By Elliott Sharp
By Hilary Hughes
By Rob Trucks
By Luke Winkie
By Seth Colter Walls
By Brett Koshkin
By Spencer Wilking
By Christina Black
His powerful voice is quiet now. He's sitting on a low ottoman in his unkempt Crown Heights living room, carefully rolling a blunt. "I was always making music with my mouth as a young kid," he says. "It just kept me really happy, doing it when I was alone." Lucky leans back and slowly exhales. "One time I was put into solitary confinement, and while I was in a straitjacket, I was beatboxing. And they told me to shut up or they'd take away certain privileges. Make me wait, you know, hours before I would eat my next meal." His eyes squint at the memory. "But I just stayed on making that music despite all that, and when I got out of there, you know, it was a constant companion."
The cries of Lucky's baby boy, Psyence, ring out from another room. Dad tries a little cooing to calm him down, but can't resist adding just a hint of hip-hop to his lullaby. Convinced that Psyence is awake for good, Lucky raises the volume: Buddhaboom-boomdap! Boom-boo-boomdash! The beatboxer's black-rimmed spectacles vibrate in rhythm to his mouth's bursts of sound. Save for his lips and tongue, he's remarkably still as he loops the same rhythm of snare, kick drum, and hi-hat cymbal over and over again. To the neighboring tenants, the strange noises coming from apartment 4K must sound something like a syncopated demonstration of kitchen appliances, a five-piece combo featuring a grinding can opener, groaning trash compactor, flowing sink faucet, crackling skillet, and spring-loaded toaster. But to Psyence it's simply how Daddy talks.
"He wakes up every morning at 6 a.m., like clockwork," Lucky remarks with a grin. "I just hope Tarsha fed him." Tarsha is Lucky's wife of eight years, a social worker with a degree in psychiatry and, as Lucky freely admits, "the love of my life and a grounding force for me." Lucky was a dope dealer when they first met almost a decade ago at an Alphabet City needle exchange where Tarsha volunteered. "She's helped keep me on the straight and narrow," Lucky says. With the birth of Psyence she's taken to calling him Papa Lucky, and the nickname has stuck.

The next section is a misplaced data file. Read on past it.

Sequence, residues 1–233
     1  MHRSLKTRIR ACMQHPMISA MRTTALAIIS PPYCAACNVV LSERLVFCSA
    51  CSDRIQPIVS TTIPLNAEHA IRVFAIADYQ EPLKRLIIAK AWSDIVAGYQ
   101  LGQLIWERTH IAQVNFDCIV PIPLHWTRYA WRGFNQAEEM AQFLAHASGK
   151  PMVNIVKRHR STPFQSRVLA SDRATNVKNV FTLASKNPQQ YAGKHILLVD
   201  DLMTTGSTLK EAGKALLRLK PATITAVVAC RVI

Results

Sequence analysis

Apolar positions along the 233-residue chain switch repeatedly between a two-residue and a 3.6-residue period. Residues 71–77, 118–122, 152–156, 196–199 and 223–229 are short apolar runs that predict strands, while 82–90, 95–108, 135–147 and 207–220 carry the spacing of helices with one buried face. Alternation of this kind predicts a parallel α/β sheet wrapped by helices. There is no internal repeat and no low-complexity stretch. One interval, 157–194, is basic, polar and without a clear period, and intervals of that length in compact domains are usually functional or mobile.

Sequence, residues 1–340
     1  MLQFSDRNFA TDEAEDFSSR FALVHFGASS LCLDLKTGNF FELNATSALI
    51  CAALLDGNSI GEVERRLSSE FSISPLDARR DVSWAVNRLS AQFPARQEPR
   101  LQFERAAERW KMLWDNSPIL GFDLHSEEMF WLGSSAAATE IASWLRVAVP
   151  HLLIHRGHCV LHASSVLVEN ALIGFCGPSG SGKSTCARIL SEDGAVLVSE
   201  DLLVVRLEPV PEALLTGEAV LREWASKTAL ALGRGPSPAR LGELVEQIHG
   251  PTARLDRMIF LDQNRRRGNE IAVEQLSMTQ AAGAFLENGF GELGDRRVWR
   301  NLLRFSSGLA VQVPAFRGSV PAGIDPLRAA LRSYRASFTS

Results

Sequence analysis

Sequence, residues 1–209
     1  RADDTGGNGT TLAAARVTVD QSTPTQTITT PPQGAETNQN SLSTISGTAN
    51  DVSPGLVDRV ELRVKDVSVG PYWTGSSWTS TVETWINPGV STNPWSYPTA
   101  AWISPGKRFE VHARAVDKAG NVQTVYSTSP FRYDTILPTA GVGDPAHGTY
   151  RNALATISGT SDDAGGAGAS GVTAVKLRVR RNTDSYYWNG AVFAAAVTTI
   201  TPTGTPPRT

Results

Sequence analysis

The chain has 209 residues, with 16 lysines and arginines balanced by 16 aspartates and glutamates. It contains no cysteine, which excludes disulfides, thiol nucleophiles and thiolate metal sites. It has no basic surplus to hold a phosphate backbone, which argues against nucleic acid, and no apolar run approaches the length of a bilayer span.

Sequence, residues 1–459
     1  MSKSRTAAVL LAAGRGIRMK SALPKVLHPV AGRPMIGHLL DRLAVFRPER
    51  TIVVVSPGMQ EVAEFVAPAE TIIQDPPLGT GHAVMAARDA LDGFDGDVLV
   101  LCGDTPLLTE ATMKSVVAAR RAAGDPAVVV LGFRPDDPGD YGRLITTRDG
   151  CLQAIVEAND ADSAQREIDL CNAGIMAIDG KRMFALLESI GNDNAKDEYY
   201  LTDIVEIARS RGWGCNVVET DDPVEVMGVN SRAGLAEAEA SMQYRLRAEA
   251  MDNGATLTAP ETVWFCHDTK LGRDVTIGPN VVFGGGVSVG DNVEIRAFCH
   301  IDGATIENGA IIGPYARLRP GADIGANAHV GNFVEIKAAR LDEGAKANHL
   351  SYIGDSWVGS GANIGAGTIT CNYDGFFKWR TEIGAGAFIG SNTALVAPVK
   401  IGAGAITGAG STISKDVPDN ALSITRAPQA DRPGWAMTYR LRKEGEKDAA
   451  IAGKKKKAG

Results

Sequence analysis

It's an apt moniker, since Lucky, 34, is a kind of father figure to the restless community that shares his skill. Numbering around 20, they rely on his upstart production company, Beatboxer Entertainment, to provide an outlet for their eccentric talent. Long marginalized, this new generation of beatboxers often comes across like the X-Men of comic-book lorefreaks with a special gift who are often misunderstood.
Masai Electro, a country-club cook in his mid-thirties, says even his own mother didn't get it at first. "I knew I had something different when my mom thought I was possessed by the devil 'cause of the voice. She really thought something was wrong'That boy got the devil in him!'" he recalls, imitating her shrill cry. "She thought I was kinda crazy. Then fortunately, around the mid '80s beatboxing came around, and it gave me a format to turn my raw sounds into something constructive." His specialty is an uncanny rendition of the Knight Rider theme, complete with the whoor-whooorl sound of David Hasselhoff's car, KITT. When Electro busted it out at a recent show, the crowd first whooped, then fell all over the place cracking up.
That reaction poses a problem Electro and his mates have never quite solved: Their crowd-pleasing antics sometimes come off as corny. Several beatboxers confess to idolizing actor Michael Winslow, better known to the public as that guy from the Police Academyfilms who makes bizarre and hilarious noises with his mouthnot exactly the thuggish image preferred by today's rap industry. These guys are sensitive on this topic. So it's with some astonishment that I listen to Kid Lucky's latest idea for Beatboxer Entertainment. He's as excited as I've ever seen him. "Yo, are you kidding me?!" he exclaims. "I was trying to figure out what would be dope, you know, the most far-out thing we could do. And I remember watching Flippera few years ago on TV and I had this idea. And, really, it's not so far- fetched . . . " He arches his eyebrows, relishing the suspense until he breaks down and bellows with laughter, his Yankees cap falling to the floor. "I believe that beatboxers could actually communicate with dolphins!"
He pauses to let this sink in.
"Yo, I'm not kidding! I mean, I was nervous about it being a joke, but the research is serious. Look at the way the dolphins' lips are, the mouth. . . . I'm sure there's stuff we can't do, but theythe Dolphin Research Center actually got back to me." He catches his breath. "It could really happen." He proceeds to spit out the clicking noise of a dolphin.
Located in the Florida Keys, the Dolphin Research Center is one of the country's top institutes for marine mammal research. "I'll admit, when Terry first approached us, well, it was unusual," says Mary Stella, media relations coordinator for the DRC. "But he was so sincere, so nice, so . . . earnest that I took my notes and ran it by my staff. Bottom line, it's not harmful and he's so enthusiastic."
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